Rocca [00:18:51] I think people have a lot of stigmas and misconceptions, amazing information about disabilities, so they can't picture that a person with a disability can fall in love or can have a normal life or can travel or can cope. I think is the stigma of the person with disability just probably staying at home, watching TV or not even having opinions or thinking. And this is not just wrong, but is conning themselves for the opportunity to meet amazing people that live with disabilities.

Peta [00:19:35] What do you love about having a disability?

Rocca [00:19:38] When I have my disability. I was very young. I was in my twenties. And when you are in your twenties, you think that you have the world in your heart. Do you think that you are powerful? God, nothing will happen to you. Everything will be perfect. Do you never think that you will have addiction when you have 20? And these changed my whole perception of life. Made me realise that life is very ephemeral. That is very volatile. That is not permanent. That we have to enjoy. Enjoy every single moment on every single opportunity. When you live with a disability. And you are. Facing some health issues. For example, whether you enjoy life at the moment when you feel great and energetic, unhealthy. Because the reality is that you don't know tomorrow or the next year your body will change or you will have the same health. This was the change of the perception of my life. Since I have this ability to enjoy every single moment and to take every opportunity because you don't know what will happen to more. And certainly something that I learnt is that we can't control our life. We, we think that we are powerful or that we have control of our destiny. We don't. Things happen and we don't know what will happen tomorrow. So let's leave and enjoy the moment.

Peta [00:21:24] Is there anything you don't like about having a disability?

Rocca [00:21:28] The stigmas of the society around these abilities. And the lack of access as well. But more important, I would love to have the dream that one day disability or the war disabled or disability is not a label, that we have a society where this is part of the natural thing of our society that is part of nature. So I hope that that you don't need to say. Oh, I have a disability. Do you have winter boxes in your resort? No. Is as we are part of our society, every single place should be accessible because we are part of that society and we pay our taxes as well. So we shall have the right to access any single place.

Peta [00:22:17] What do you hope for the future for people with disabilities?

Rocca [00:22:21] The people with disabilities learnt to in our condition and don't feel embarrassed. We need to love ourselves and accept who we are and develop our strains on our innate powers. And as a lawyer, I think the most important thing is I hope that people with disabilities learn how to advocate for themselves. I have seen many people that prefer to remain quiet because they feel embarrassed if they are or they think that they will perceive in a wrong way if they make a complaint. But no, it is our right. If you feel that. You need to make a complaint because you have been victim of abuse in any kind. There are many resources and you are the best boys to advocate for yourself. Many people don't know that they are a disability commission. That is an Equal Opportunity Commission on Human Rights Commission that will be more than happy to help people with disabilities that are victims of any kind of abuse. So I think I would like to see people with disability to talk for themselves, to stand for their rights.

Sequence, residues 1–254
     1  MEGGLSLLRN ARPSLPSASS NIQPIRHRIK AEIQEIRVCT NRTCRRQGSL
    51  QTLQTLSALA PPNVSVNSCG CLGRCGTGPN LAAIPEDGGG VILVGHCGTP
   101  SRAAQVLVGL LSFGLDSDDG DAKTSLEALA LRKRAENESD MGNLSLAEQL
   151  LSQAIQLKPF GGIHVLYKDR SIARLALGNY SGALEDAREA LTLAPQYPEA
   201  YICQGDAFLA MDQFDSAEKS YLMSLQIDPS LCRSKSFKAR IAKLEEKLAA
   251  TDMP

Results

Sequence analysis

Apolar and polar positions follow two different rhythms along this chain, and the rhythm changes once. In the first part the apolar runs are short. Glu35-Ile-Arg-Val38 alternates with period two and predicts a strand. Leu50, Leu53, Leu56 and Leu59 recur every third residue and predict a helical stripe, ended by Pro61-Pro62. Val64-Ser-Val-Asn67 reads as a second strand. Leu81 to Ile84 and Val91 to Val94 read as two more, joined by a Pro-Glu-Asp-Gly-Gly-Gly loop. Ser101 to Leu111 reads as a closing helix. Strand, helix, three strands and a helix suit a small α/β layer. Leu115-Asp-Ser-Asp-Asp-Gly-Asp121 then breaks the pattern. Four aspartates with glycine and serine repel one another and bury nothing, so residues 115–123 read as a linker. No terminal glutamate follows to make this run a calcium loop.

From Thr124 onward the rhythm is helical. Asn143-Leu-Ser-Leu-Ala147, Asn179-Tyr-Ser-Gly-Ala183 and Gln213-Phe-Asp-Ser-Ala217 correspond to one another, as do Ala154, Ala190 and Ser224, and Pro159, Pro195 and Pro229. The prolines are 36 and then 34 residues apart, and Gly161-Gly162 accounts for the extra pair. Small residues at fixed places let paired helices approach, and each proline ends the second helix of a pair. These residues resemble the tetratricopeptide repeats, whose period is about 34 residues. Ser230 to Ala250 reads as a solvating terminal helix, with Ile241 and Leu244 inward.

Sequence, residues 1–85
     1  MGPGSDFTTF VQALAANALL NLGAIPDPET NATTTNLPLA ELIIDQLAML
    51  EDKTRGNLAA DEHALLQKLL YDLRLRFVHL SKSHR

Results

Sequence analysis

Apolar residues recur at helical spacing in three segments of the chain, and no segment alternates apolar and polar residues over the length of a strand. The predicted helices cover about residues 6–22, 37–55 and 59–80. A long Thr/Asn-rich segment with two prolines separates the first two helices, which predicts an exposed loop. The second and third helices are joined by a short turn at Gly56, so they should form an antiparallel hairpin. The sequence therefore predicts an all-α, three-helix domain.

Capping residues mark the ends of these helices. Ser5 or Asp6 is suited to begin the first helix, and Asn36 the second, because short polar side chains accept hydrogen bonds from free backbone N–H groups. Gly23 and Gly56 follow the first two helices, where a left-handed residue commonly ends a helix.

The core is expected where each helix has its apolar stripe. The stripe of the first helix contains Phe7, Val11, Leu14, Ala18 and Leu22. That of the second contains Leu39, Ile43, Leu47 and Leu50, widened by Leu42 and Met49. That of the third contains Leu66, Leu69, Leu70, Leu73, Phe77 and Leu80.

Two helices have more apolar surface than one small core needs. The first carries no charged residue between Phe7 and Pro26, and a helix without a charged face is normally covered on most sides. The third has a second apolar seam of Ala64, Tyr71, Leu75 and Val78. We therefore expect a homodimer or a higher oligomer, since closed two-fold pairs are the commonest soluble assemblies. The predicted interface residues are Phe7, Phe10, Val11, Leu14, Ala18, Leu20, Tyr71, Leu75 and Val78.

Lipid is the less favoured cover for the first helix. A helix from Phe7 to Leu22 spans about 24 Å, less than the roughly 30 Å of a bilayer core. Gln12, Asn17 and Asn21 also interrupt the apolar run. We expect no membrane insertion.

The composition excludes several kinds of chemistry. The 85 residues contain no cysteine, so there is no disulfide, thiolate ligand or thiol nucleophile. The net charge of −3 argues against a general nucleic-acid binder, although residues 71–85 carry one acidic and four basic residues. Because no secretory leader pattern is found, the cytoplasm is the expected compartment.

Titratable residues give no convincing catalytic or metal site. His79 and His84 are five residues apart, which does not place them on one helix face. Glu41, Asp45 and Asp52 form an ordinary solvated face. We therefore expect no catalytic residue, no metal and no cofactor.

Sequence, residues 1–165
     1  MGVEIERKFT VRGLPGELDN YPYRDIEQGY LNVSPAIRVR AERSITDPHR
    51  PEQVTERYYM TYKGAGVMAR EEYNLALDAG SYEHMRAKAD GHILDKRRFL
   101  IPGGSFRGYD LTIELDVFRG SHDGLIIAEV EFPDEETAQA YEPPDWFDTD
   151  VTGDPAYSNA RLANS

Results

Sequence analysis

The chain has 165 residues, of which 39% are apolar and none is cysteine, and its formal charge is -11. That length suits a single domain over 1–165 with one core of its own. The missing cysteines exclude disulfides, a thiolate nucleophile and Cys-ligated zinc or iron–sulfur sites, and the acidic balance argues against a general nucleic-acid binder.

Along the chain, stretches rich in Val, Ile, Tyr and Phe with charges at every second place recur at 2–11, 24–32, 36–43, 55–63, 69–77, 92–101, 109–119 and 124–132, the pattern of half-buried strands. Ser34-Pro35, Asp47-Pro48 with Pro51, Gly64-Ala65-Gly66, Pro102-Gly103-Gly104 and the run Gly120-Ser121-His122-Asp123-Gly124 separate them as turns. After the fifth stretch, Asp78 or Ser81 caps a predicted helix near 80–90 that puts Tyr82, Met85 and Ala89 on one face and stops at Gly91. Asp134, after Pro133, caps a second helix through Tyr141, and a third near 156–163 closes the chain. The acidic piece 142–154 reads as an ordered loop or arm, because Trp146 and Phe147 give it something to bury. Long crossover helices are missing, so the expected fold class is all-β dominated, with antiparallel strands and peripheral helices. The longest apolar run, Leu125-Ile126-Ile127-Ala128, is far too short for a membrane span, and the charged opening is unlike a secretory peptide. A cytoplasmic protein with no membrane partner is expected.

Peta [00:23:44] And I've also engaged the Human Rights Commission before in my past, and I have to say it was a pretty easy and lovely experience. They are very supportive in my experience, so I really do champion what you just said. I really do think advocating for yourself is so powerful and important because without education, nothing will change.

Rocca [00:24:09] Yeah, but also that sometimes people don't know how to do it or where to knock the door. People are in hospitals when they are in rehab. Should have an information. Where to make complaints in case that something happened. And the majority of people don't know what to do or where to go. So I would like to take these these opportunity to tell people there are resources, there are people that are willing to help. And you need to talk for yourself.

Peta [00:24:45] Thank you so much for being here. You are such an inspiring person and really made me think, oh goodness, I really need to get out there and be more active and be more social.

Rocca [00:24:56] So I think I hope to see you in one of the activities of these girl carnies from the 12 to 18. And by the way, dance a role is providing three common tries for wheelchair dancing. So I hope to see you in one of the sessions online or in person. Peta. No excuse.

Peta [00:25:17] Sounds good to me. Thank you for listening to this week's episode. I hope you enjoyed it. If you did, can you please follow the podcast on whatever platform you're listening on? It really helps more people find the podcast and for the podcast to be recommended within podcasting apps. As I said at the top of the episode, if you have somebody else in mind that you think I should talk to all you'd like to ask me a question for a future episode of the podcast, please let me know. And until next week. Have a good one, guys. Bye.